I woke up to see thick fog.
It was smothering the trees and crowding the clearing just outside our backyard. It was gazing in at me, greeting me with a serious and poignant “hello.” It has been a while since I’ve seen it. Little glimpses here and there throughout this Autumn season, but it’s been noticeably absent this year, which is atypical for the Pacific Northwest.
It was one of those captivating fogs, arriving on a morning in which I woke to realize that I had nothing planned. Plenty on the to-do list, but nothing pressing, not urgent. Nothing that I cared enough about to peel myself out of bed for. Fog, chilly air from the open window, and my warm golden nestled next to me and into my pillow. I felt like I was being spoken to, as I gazed out of the window. There was a vitality to the fog and to the morning, something I haven’t felt in quite some time. I wasn’t energetic, though, just fully awake and alert. No desire to do anything, but just sit and think and listen.
Truth be told, it’s been a very difficult season for me. Depression has been with me in ways that I haven’t encountered before. That might be one way to describe it. Throughout my life, I can recall a pervasive sadness that I’ve carried. Psychologists often call this dysthymia, which can mean a consistent depressed mood, not always as severe as major depressive episodes. Periods of grief, irritability, often criticalness. Those are unfortunately my familiar companions. However, this is different. It’s a deep grief, one that seizes you at your very core. One that feels like thick mud. I’ve been more irritable, more angry, full of more despair, than ever before. My family has noticed it, but otherwise, I’ve largely kept this one to myself. Unwise I know, but it felt protective and necessary all the same.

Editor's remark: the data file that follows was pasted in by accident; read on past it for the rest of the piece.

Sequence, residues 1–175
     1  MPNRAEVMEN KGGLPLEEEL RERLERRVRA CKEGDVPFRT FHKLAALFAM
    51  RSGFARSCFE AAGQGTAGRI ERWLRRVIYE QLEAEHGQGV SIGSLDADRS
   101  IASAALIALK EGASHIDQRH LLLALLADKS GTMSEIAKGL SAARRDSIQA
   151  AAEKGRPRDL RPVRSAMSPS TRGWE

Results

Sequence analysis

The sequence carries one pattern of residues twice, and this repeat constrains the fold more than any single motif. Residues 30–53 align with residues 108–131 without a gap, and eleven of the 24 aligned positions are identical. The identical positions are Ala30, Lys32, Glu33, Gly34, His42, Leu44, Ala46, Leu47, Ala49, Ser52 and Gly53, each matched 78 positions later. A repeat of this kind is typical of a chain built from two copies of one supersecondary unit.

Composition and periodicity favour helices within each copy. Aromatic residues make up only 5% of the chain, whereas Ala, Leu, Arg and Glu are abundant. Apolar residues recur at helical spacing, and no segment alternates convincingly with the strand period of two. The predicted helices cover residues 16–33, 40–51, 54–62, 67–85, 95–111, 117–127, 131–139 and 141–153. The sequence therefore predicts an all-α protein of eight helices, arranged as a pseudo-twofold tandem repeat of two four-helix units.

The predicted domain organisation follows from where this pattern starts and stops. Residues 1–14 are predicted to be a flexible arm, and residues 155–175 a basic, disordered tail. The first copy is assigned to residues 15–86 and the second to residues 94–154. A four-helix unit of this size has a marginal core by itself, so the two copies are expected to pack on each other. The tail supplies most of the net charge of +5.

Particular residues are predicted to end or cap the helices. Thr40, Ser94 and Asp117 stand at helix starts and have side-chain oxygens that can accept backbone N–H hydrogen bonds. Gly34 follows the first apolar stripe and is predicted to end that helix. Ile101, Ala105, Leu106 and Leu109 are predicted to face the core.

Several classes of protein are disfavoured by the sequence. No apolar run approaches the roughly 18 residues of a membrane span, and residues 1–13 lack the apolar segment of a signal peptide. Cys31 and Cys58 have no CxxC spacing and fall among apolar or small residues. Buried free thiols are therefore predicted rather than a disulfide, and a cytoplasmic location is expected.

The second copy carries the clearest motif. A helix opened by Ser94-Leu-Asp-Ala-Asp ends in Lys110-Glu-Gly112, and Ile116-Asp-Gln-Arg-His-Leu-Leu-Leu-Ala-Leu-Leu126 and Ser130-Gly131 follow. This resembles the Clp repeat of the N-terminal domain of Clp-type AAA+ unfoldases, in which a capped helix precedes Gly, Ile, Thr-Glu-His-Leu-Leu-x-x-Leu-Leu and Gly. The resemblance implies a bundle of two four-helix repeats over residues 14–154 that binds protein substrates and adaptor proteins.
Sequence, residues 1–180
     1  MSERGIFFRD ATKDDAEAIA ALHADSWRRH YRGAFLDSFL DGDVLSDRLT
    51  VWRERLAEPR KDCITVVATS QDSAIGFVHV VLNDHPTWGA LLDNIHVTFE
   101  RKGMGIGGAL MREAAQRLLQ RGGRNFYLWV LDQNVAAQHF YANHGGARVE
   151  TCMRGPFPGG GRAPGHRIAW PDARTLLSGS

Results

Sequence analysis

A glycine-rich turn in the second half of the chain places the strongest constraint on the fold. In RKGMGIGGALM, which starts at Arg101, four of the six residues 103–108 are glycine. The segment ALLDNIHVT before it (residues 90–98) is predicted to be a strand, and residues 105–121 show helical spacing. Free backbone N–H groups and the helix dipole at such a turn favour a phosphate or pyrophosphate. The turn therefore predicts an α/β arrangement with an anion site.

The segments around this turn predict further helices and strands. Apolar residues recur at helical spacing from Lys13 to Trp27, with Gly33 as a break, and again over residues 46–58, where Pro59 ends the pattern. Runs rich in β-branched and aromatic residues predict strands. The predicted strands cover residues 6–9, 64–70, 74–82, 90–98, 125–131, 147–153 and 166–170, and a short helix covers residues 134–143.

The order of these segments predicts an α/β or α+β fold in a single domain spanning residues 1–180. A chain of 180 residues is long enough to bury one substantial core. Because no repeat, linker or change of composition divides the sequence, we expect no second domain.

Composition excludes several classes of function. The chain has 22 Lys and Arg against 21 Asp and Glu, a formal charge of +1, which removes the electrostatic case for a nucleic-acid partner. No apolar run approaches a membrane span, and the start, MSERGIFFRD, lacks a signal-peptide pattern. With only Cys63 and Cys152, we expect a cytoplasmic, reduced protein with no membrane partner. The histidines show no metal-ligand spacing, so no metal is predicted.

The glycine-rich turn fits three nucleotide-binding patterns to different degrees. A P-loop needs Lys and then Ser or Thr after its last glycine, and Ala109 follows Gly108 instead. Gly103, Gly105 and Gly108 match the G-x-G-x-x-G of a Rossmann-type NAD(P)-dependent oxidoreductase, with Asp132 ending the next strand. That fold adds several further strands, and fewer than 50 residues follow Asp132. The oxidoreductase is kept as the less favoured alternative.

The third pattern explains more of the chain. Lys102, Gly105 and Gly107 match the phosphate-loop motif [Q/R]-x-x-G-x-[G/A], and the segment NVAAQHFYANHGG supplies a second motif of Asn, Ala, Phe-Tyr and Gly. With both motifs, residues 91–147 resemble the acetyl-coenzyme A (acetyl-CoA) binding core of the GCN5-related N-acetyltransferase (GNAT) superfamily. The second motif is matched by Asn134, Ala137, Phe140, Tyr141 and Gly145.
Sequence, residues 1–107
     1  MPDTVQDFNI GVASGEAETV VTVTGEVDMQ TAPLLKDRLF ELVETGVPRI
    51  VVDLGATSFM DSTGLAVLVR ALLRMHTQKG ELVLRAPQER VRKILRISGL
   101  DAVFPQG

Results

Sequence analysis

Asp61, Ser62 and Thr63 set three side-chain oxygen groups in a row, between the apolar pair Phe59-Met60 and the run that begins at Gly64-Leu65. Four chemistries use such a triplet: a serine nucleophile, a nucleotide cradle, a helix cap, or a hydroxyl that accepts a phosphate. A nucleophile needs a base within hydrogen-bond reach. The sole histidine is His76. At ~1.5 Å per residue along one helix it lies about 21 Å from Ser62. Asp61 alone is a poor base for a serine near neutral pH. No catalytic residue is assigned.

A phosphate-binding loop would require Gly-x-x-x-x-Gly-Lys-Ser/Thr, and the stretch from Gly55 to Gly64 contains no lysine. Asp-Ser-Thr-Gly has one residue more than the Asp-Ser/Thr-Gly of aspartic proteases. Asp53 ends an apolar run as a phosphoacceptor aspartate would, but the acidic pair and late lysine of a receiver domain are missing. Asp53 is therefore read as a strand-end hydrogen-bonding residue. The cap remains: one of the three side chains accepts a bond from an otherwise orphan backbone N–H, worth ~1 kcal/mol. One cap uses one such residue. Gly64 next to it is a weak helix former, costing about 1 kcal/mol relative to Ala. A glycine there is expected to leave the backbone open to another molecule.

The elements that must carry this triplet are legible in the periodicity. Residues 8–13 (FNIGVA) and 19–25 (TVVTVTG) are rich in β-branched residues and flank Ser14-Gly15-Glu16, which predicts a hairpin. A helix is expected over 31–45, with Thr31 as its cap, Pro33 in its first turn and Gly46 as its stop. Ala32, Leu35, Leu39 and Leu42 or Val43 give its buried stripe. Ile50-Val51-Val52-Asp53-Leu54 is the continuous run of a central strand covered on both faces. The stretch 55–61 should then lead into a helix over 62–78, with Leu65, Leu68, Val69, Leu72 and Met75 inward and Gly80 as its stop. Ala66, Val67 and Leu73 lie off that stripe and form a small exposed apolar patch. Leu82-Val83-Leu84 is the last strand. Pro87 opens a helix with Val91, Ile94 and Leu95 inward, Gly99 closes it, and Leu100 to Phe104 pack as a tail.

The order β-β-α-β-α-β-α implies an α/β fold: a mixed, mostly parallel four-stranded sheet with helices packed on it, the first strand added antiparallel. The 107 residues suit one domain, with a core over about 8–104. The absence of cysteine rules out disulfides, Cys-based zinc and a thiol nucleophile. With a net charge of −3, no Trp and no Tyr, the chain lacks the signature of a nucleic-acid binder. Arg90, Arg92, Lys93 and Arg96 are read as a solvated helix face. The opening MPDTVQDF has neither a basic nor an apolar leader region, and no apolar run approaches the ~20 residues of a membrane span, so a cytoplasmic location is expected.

In some ways, it makes sense or at least isn’t shocking. I recently finished a very long and arduous journey through graduate school. It was trying and I am likely still exhausted from that process. It can also be heartbreaking at times to reflect on things. Both the goods and the bads. To feel it all. Nostalgia, longing, gratitude, regret, wishes, hope, guilt. I might be trying to adjust to this new phase, to figure out who I am now that I’m not a student. Plus, I’m in a weird limbo state, where my future steps or career choices are unknown. Tomorrow is unknown. Things are still new and somewhat foreign here in Portland as well. Roots are fragile. I miss my friends. I miss the sun. It would make sense, then, that I might be feeling sadness, anxiety, grief.
But, the despair. That’s the thing. That is the formidable foe that, up until this point, I have easily kept at bay. And then, the realization. That perhaps I have been working so hard so that there is no time for feelings of hopelessness or despair. It feels deep, whatever it is. Everything on the outside is well enough. It’s a beautiful Autumn season. My children are healthy and doing well in school. Everyone is starting to make friends. There’s enough on the schedule, but not too much. I am able to clean my house and bake and exercise. Things I’ve missed doing over the past seven years. In some ways, I feel a happiness that I haven’t felt in a while. A breath of fresh air and a chance to exhale it. But then, there’s me.